Clark gets additional 60 days to surrender to federal authorities
Former Lighthouse Inn operator Maureen Clark, who was due to surrender to federal authorities Monday to begin serving an 87-month prison sentence for investment fraud, has received a 60-day extension so that she can get her personal and financial affairs in order.
Judge Warren W. Eginton ordered Clark, 58, of Stonington, to turn herself in to the Federal Bureau of Prisons on June 24 following a hearing Friday in U.S. District Court in Bridgeport. Clark is expected to serve her time at the Federal Prison Camp in Danbury, according to a court document.
In an April 8 motion to the court, attorney Todd Bussert asked the judge to extend Clark's surrender date so that she could help her husband, Robert Clark, who Bussert said was diagnosed with a debilitating illness during Clark's trial, "transition into a smaller residence."
Clark also needs time to transfer the couple's financial affairs to her husband and attend several medical appointments, according to the legal filing. Clark does not anticipate seeking further extensions, "absent extraordinary circumstances," the motion says. She may, however, renew a motion to remain free on bond while an appeal of her case is pending, according to the motion.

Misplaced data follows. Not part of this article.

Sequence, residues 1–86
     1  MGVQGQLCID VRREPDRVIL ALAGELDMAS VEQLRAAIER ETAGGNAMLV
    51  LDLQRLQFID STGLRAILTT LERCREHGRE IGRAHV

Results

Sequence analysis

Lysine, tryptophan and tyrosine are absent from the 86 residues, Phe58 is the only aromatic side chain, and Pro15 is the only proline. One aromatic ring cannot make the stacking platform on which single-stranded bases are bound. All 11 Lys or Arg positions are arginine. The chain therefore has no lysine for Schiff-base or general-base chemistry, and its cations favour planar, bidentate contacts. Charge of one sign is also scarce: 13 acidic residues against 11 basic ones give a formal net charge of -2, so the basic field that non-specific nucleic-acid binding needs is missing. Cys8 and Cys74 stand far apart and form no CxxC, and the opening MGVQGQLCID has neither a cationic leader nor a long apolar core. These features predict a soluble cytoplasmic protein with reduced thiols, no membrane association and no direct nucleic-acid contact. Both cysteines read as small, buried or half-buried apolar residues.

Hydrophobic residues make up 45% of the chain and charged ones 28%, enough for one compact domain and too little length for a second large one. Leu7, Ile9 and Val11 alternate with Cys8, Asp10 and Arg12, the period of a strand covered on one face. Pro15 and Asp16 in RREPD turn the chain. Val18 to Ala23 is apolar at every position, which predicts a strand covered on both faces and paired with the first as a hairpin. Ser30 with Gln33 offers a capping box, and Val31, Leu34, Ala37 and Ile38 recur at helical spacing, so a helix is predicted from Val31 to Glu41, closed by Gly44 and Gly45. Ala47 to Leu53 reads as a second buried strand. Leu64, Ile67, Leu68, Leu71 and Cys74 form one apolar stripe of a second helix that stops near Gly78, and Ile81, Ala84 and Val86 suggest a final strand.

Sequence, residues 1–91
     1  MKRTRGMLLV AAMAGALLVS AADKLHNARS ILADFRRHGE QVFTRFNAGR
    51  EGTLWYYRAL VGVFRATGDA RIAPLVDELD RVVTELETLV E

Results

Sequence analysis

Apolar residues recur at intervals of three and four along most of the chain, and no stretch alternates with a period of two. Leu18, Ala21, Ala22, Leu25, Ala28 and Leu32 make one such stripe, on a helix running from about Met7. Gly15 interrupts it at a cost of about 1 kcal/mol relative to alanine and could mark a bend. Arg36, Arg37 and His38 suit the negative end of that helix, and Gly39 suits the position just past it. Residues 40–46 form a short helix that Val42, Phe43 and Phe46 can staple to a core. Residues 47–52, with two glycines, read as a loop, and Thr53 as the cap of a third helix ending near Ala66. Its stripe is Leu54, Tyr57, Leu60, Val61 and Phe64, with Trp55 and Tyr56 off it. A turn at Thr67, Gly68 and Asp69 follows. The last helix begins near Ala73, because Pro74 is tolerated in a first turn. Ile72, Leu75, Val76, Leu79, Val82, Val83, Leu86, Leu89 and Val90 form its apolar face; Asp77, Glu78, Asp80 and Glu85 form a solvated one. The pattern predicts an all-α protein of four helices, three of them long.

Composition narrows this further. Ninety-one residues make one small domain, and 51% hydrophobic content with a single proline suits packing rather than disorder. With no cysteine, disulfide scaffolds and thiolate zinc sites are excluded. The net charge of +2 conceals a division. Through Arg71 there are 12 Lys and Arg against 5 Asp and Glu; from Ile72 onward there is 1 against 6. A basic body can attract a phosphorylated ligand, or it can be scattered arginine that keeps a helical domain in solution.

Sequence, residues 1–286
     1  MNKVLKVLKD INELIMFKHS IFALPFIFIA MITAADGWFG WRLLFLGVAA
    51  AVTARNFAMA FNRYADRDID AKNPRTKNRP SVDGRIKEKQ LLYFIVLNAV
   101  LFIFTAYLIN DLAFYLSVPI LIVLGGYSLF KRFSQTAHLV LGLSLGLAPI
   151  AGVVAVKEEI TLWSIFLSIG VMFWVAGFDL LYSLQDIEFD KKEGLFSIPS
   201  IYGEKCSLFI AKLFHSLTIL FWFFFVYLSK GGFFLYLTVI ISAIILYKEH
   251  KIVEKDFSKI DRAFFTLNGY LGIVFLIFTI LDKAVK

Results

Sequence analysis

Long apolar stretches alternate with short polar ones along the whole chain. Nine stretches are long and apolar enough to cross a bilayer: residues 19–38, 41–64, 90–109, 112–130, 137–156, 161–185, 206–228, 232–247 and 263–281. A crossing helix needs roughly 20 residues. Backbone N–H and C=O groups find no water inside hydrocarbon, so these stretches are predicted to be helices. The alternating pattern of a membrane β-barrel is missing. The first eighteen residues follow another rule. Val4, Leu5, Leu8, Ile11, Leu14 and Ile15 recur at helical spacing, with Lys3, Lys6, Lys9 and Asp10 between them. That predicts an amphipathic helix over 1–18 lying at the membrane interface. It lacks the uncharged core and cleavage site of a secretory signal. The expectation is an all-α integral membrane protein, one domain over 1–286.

Assistant U.S. Attorney Michael S. McGarry, who prosecuted Clark, opposed the extension, according to the motion.
A federal jury in July 2012 found Clark guilty of 20 felony crimes, including one count of conspiracy to commit wire fraud, 13 counts of wire fraud and six counts of money laundering. Eginton sentenced Clark to 87 months in prison in March and ordered her to repay the victims.
According to the government, Clark and her business partner, Christopher Plummer, defrauded investors of $1.7 million in a resort investment scheme in Mississippi and spent the money on the failing Lighthouse Inn and on themselves. Plummer pleaded guilty to conspiracy charges and is serving a 51-month prison sentence.